Monday, January 11, 2010

Why the Truth and Reconciliation Commission is a good thing

The Korea Herald looks at the results of the Truth and Reconciliation Commission's investigation into Chun Doo-hwan's military group's assault on the media in 1980, and "confirmed that the military rulers illegally forced the industry shakeup to control critical media and smooth its way to power."
"Chun Doo-hwan and his new Army elite were directly involved in the media closure and consolidation incident with an aim to take over power," the commission said.[...]

"The state is required to recognize the responsibility for the forceful infringement on the freedom of media and apologize to the victims," the commission said. The panel also recommended that the government restore the honor of the victims and take appropriate measures to compensate them.

The junta consolidated a total of 64 media outlets into 18 - 28 newspapers into 14, 29 broadcasters into three, and seven wire news services into one.

On Nov. 12, 1980, the media owners were summoned to the Defense Security Command. Agents armed with guns and knives coerced them to give up management control. They threatened tax probes and audits to defiant executives, according to the inquiry report.

Beginning in July of that year, the government forced media firms to dismiss more than 1,000 journalists and banned them from seeking employment in the industry. A total of 172 periodicals were also summarily abolished the same month.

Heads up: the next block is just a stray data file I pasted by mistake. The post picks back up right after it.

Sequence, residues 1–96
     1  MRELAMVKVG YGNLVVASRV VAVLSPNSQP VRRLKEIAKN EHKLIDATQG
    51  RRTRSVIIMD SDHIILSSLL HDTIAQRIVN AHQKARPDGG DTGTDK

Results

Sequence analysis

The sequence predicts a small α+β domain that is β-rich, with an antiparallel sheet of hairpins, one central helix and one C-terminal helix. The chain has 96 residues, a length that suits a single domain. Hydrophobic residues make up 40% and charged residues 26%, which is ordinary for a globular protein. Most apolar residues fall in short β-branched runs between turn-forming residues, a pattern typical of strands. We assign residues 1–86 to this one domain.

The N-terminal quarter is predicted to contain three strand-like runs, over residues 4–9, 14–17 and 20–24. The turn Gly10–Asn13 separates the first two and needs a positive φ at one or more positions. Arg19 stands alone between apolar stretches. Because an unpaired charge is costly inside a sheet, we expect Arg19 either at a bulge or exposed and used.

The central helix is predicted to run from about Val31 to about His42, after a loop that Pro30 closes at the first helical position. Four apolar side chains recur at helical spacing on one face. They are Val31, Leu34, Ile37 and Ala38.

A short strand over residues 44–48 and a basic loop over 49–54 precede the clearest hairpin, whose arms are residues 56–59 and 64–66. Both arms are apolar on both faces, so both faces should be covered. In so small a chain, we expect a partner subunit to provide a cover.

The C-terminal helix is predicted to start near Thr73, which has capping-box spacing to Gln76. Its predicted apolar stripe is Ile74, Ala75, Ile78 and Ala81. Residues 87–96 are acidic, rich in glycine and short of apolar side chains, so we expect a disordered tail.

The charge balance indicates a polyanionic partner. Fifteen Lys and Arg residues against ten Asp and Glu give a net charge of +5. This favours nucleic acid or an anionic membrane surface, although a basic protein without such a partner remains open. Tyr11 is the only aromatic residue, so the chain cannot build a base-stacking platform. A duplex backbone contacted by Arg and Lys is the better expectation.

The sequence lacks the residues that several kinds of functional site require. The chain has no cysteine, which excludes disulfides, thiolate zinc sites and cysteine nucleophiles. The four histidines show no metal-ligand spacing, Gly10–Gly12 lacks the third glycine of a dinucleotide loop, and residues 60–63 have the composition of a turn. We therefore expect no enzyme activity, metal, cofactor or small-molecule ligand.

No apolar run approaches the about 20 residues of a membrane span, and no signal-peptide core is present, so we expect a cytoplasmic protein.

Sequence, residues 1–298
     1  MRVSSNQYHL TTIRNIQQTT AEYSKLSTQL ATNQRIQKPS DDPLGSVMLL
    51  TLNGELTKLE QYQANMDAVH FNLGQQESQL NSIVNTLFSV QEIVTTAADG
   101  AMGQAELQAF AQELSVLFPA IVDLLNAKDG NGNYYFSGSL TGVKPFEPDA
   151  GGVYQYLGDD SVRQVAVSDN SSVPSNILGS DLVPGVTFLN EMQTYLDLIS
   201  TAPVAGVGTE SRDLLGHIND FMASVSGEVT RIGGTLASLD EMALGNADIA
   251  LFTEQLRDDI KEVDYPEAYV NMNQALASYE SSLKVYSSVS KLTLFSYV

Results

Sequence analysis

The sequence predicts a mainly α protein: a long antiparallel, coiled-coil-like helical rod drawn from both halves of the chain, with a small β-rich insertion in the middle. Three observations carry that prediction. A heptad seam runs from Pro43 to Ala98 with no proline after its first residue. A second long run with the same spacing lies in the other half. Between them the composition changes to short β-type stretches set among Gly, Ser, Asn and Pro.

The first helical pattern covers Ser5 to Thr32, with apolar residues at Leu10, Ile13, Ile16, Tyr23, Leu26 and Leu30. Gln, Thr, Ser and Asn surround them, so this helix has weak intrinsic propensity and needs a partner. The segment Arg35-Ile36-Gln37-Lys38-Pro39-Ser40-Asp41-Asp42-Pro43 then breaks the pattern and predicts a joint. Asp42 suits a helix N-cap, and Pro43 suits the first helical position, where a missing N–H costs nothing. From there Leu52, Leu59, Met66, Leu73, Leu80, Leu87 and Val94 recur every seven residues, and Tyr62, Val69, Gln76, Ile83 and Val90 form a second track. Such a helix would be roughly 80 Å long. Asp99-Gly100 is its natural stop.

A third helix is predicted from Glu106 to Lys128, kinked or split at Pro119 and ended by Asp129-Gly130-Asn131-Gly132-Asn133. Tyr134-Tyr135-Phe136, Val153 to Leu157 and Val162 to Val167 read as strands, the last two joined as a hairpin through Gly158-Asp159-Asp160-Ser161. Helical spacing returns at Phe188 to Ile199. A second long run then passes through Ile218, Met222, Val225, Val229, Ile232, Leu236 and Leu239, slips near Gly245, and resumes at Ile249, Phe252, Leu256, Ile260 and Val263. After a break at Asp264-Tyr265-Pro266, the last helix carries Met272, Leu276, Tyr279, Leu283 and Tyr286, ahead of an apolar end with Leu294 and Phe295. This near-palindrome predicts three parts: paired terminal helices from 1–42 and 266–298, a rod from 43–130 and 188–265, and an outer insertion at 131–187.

The unprecedented oppression was part of a "cleanup campaign" aimed at consolidating Chun's power base.[...]

[In December, 1980] the Chun government enacted the notorious Basic Press Act, putting news media under strict state censorship and banning cross-ownership of newspapers and broadcasting networks.

The truth commission began the investigation on Nov. 20, 2007, and examined about 45,000 pages of documents and interviewed 152 people including then-Defense Security Command investigators, it said.
One wonders about the long-term effect of stifling so many media voices.

The Joongang Ilbo reports that moves are being undertaken - by members of the GNP, which is a name change or two away from being the ruling party when Chun was president - to compensate those who suffered because of the Basic Press Act. It also notes the history of similar compensation:
In recent years, the Chun regime’s oppressive actions have been investigated, and the state has compensated victims after the legislature established special laws on restitution.

One key example was the government’s handling of victims of the Samcheong Training Camp, a sort of concentration camp operated by the Chun regime to discipline people it considered harmful to society.

The regime established the camp inside a military unit, and 39,742 civilians, including journalists who lost their jobs during the media restructuring, were forced to undergo corrective programs. More than 50 inmates died and many suffered physical and mental trauma.

In March 2003, the National Human Rights Commission urged the National Assembly speaker and the defense minister to pass a special law to lay bare the truth about the camp and compensate victims. The National Assembly approved the law in December 2004, and 3,000 victims and their families were compensated.
I've posted about such investigations of the past before, such as revoking medals for actions during the 12.12 coup and the Kwangju Uprising, the Nokhwa Program, and two posts about the Silmido Incident. While some of these investigations into the past have been politically motivated, ones such as those just mentioned have served the purpose of shedding light on the state's past human rights violations and have led to the rehabilitation of and compensation for the victims or their families.

No comments: